Gordon Brown is seemed to be a kind of Western-based leader who is attuned to economic and political reform. And hopefully MONETARY REFORM! He warned against over-acting, such as resorting to "heavy-handed regulation," despite of a  "testing time for the global economy", while also rejecting the other side of the coin - "being gripped by or paralyzed into inaction."

REFORM:

Prime Minister Gordon Brown said: "We are in a period that if we don't reform our global institution (they) become irrelevant," making a case for the creation of a "rapid response agency" that dispatches not only peace-keepers  to trouble spots, but police, lawyers and other experts needed to rebuild society in "failed states".  I HOPE  THE REFORM HE IS TALKING ABOUT WOULD BE FOR THE BETTER AND THE EMANCIPATION OF THE POOR INHABITANTS OF THE EARTH FROM THE EXPLOITATIVE SYSTEM.

He said that "THE IMF AND THE WB AND THE UNITED NATIONS WERE BUILT FOR PROBLEMS IN THE 1950'S. HE IS CALLING FOR REFORMS TO MEET THE NEW CHALLENGES OF GLOBALIZATIONS, CLIMATE CHANGE AND RE-ESTABLISHING ORDER IN "CONFLICT-RIDDEN STATES."

Another very good specific suggestion of Prime Minister Brown is the TRANSFORMATION OF THE WORLD BANK OR WB into 'THE WORLD BANK FOR THE ENVIRONMENT AND DEVELOPMENT' - an institution that would stand ready to underwrite funds for developing countries looking to turn from carbon-based fuels to alternative energies.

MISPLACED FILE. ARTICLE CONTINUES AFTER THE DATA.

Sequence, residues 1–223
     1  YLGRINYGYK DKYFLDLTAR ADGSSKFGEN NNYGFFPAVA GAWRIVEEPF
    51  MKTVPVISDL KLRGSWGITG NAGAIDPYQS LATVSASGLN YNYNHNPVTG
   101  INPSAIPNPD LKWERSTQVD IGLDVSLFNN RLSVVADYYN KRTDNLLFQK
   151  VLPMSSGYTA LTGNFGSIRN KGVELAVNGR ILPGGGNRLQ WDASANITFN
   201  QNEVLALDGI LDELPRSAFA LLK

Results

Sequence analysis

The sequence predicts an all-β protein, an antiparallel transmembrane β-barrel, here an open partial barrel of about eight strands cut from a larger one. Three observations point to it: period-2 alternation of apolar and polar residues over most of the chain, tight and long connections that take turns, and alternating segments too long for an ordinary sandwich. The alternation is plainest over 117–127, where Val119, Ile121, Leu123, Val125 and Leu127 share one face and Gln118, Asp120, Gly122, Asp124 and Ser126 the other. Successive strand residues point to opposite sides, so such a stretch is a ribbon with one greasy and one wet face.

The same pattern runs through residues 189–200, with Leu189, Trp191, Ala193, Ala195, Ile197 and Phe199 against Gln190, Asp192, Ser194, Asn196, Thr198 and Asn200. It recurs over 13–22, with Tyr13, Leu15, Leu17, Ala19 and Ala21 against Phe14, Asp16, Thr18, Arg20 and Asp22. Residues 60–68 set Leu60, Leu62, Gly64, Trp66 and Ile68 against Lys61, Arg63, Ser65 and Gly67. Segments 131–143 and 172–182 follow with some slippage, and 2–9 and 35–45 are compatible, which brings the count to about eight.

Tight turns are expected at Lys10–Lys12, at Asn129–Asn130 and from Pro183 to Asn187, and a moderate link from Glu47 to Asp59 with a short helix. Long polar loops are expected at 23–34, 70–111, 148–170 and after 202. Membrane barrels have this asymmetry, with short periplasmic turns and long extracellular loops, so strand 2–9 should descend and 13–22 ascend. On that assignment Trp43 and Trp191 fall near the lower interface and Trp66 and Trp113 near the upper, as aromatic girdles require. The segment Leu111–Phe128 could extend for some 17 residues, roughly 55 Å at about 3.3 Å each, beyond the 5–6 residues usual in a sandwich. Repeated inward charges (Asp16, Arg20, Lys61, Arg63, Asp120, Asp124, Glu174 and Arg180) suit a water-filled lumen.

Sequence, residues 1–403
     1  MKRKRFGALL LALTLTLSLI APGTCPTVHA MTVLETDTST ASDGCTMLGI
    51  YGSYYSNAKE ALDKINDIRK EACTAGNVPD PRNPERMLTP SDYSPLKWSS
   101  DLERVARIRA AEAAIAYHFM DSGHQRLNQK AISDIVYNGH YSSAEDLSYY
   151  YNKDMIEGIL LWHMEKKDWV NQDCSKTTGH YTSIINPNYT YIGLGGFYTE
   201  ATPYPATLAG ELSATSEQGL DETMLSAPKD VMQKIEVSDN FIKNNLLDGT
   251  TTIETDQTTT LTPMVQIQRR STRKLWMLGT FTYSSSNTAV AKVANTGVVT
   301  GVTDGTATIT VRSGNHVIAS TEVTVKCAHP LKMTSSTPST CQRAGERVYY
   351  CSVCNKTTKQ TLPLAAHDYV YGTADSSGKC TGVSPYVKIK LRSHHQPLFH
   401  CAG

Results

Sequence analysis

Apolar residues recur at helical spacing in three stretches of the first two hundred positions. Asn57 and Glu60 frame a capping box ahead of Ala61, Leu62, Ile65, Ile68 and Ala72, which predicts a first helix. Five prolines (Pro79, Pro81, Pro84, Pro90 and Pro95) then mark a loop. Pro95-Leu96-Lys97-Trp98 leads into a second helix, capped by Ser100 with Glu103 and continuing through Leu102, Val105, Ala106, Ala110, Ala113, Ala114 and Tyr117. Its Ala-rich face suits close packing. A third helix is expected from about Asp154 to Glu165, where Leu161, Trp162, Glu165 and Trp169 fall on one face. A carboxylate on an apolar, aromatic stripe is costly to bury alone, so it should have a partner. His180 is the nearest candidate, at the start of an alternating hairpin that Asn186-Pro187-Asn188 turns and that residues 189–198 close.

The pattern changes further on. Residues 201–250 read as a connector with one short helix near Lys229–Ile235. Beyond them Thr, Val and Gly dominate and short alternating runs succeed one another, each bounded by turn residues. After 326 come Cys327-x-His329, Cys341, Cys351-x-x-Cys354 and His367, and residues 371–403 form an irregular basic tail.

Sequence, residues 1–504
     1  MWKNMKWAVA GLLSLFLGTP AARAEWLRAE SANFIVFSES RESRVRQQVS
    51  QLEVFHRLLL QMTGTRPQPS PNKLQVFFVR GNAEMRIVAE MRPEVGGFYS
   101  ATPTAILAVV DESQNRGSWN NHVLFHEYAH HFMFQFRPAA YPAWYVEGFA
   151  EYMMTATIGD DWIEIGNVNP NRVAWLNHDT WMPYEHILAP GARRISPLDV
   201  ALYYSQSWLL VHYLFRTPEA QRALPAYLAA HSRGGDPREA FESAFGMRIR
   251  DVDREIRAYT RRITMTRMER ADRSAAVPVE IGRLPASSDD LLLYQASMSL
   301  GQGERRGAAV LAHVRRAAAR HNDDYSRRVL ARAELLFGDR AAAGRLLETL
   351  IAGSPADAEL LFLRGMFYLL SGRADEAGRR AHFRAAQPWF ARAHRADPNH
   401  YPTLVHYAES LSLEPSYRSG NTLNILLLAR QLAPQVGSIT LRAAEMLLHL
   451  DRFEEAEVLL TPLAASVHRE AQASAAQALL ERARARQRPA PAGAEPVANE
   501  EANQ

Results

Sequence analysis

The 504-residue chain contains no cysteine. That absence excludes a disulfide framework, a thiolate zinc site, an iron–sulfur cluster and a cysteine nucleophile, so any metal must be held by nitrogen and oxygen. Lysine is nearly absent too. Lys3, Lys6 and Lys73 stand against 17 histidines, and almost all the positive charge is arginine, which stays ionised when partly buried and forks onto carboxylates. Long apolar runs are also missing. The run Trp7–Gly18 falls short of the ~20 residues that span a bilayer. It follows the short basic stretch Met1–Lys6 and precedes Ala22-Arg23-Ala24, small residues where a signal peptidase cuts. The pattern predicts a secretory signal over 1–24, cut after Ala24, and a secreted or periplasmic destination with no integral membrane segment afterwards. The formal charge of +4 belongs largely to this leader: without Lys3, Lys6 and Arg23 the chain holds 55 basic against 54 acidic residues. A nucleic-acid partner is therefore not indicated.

He also called  for revamping the UN that peacekeeping must be linked to stabilization , reconstruction and development to avoid perpetuating failed-state status in developing countries driven by war and other crises.

He said that "You cannot have a situation where you have failed states and it takes years and years for the world community to do anything."

Brown spoke bleaky of lack of progress in meeting a 15-year global development plan, set in 2000 by global leaders to alleviate world poverty, diseases and hunger then known as MILLENNIUM DEVELOPMENT GOALS.

I laud Prime Minister Brown for being a reform-minded UK official which I hope he would consider in the future to speak the same tone of conviction to REFORM the financial-economic system from debt-based money creation to debt-free money creation scheme in the UK and in the world to remedy such world problems.


What do you think?



Eric V. Encina
Filipino Social Crediter/ Monetary Reformer
Homesite, Lawa-an, PO Box 8,
5800 Roxas City, Capiz,
Philippines
ericencina@yahoo.com

Never miss a thing. Make Yahoo your homepage.